Treating diabetes may require an endocrinologist. In addition to medication, most people require changes to their diet. The good news is that the steps you take to manage your diabetes also help to lower your chances of having heart disease or stroke.

According to statistics from the AHA, 23.4 million adults have been diagnosed with diabetes; an additional 7.6 million have undiagnosed diabetes; and 81.6 million have prediabetes.

The psychology of it

It can be difficult for stroke survivors to deal with the many changes a stroke can bring — from thinking of themselves as a healthy member of society to dealing with a variety of deficits and taking numerous medications — an aspirin, a statin, possibly multiple blood pressure medicines. Maybe you were diagnosed with diabetes or metabolic syndrome and have to change your diet dramatically. “It’s unbelievably frustrating when you think you’re in good health, and suddenly, you’re a patient,” Solomon said. “Many people get depressed and have a hard time dealing with all that.

“But there is a positive side, which I see all the time in my practice. Many people are actually healthier after one of these events compared to before. Considering themselves healthy, they don’t really pay much attention to diet and exercise and healthy choices; they gain weight or neglect regular doctor visits, so they don’t know their cholesterol, blood pressure or blood sugar levels. A stroke or TIA or heart attack can be a wakeup call. I often see people after one of these events, and they say, ‘Oh, my god, this is the healthiest I’ve been in years, now that I’ve lost 20 pounds and stopped smoking and started exercising and making healthier choices.’”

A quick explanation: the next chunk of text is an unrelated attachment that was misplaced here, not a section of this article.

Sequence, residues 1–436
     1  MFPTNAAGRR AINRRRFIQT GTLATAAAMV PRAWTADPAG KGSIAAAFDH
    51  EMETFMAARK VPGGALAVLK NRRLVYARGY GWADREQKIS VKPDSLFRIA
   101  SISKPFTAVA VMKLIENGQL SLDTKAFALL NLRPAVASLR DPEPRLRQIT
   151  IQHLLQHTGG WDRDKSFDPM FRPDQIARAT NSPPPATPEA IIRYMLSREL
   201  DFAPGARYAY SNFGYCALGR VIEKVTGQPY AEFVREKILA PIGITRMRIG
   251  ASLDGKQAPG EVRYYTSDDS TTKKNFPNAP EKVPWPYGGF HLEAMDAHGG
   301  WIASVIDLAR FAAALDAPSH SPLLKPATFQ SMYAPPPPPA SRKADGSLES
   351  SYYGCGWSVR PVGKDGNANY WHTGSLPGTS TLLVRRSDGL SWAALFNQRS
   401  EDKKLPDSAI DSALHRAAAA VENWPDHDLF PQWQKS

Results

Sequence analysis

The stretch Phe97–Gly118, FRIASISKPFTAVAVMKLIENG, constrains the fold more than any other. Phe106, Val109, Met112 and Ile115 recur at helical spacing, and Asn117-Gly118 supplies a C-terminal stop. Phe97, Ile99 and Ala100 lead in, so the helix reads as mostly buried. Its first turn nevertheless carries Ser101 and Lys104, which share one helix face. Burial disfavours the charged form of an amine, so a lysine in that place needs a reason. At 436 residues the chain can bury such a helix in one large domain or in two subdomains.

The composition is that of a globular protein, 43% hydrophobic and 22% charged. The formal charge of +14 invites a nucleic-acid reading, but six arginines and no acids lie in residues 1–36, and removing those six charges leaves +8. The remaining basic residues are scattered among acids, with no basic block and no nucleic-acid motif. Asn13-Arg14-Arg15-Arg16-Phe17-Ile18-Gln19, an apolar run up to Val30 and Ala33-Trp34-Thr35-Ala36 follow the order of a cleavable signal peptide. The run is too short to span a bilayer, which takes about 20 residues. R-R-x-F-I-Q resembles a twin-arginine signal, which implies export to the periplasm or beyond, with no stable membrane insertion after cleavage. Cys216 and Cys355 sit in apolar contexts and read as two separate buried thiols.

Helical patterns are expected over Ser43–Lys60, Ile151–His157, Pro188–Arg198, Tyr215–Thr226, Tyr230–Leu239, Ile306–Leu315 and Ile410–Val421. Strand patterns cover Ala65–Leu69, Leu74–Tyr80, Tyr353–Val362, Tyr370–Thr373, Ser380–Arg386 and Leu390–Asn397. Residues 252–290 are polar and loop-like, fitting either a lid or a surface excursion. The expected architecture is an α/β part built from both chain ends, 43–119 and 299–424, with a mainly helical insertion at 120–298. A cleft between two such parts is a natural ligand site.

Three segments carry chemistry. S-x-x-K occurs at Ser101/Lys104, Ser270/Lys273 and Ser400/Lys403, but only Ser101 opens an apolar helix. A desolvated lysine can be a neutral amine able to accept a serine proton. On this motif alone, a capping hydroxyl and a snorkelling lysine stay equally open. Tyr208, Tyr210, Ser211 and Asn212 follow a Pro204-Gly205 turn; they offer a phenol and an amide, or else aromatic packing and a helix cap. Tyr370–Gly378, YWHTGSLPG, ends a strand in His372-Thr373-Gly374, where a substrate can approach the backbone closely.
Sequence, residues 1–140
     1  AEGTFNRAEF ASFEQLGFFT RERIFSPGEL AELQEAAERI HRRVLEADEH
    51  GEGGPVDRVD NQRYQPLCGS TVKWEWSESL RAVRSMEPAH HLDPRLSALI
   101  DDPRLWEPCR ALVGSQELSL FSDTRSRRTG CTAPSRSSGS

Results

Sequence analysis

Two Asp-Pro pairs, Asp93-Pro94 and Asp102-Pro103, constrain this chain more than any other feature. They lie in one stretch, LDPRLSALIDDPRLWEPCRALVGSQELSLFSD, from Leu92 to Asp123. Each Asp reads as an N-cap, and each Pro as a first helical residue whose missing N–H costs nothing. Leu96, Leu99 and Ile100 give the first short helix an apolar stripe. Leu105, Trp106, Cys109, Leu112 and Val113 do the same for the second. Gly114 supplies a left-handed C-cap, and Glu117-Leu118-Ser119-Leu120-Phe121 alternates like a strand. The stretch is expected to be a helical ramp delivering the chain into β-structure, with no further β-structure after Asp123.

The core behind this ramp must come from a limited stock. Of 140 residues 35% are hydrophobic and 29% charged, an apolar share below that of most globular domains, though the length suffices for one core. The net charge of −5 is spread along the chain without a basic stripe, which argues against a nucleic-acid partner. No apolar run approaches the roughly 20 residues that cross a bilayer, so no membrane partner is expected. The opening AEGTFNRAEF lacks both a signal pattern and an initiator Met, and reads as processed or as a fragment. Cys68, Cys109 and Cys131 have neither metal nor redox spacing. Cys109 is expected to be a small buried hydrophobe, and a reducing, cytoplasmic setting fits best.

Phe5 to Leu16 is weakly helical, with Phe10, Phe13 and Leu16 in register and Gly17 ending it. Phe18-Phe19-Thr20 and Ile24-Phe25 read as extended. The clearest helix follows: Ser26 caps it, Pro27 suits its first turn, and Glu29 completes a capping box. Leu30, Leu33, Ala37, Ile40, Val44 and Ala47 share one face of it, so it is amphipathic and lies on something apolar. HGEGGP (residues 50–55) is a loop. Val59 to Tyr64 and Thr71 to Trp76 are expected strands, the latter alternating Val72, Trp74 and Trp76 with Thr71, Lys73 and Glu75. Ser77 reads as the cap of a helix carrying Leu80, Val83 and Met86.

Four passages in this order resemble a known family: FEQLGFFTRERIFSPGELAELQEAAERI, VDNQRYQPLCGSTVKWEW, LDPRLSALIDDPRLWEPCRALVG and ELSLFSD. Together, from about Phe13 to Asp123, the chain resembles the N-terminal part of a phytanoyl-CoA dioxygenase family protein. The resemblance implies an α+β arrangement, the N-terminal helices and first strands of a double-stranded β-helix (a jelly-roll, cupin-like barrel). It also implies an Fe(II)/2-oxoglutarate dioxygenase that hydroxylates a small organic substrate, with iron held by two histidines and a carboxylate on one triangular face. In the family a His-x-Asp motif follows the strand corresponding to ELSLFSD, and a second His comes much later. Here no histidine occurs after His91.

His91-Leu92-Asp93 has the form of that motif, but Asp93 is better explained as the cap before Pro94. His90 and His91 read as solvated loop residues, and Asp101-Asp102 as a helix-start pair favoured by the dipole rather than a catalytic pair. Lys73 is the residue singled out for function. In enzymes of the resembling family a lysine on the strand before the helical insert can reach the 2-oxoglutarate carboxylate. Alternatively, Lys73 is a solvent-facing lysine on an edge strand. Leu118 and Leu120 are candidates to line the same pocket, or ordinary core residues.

No order of magnitude

Solomon cautioned that no one of these conditions should be thought of as more serious than the others. “In medicine, we try to correct anything we can that’s correctable,” he said. “We can’t alter your genes, but we can probably control your blood pressure, cholesterol and blood sugar. And the better job we do at that, the better off you’re going to be. Most doctors are going to be very aggressive about risk factor modification, and add to that exercise, a healthy diet and weight loss.”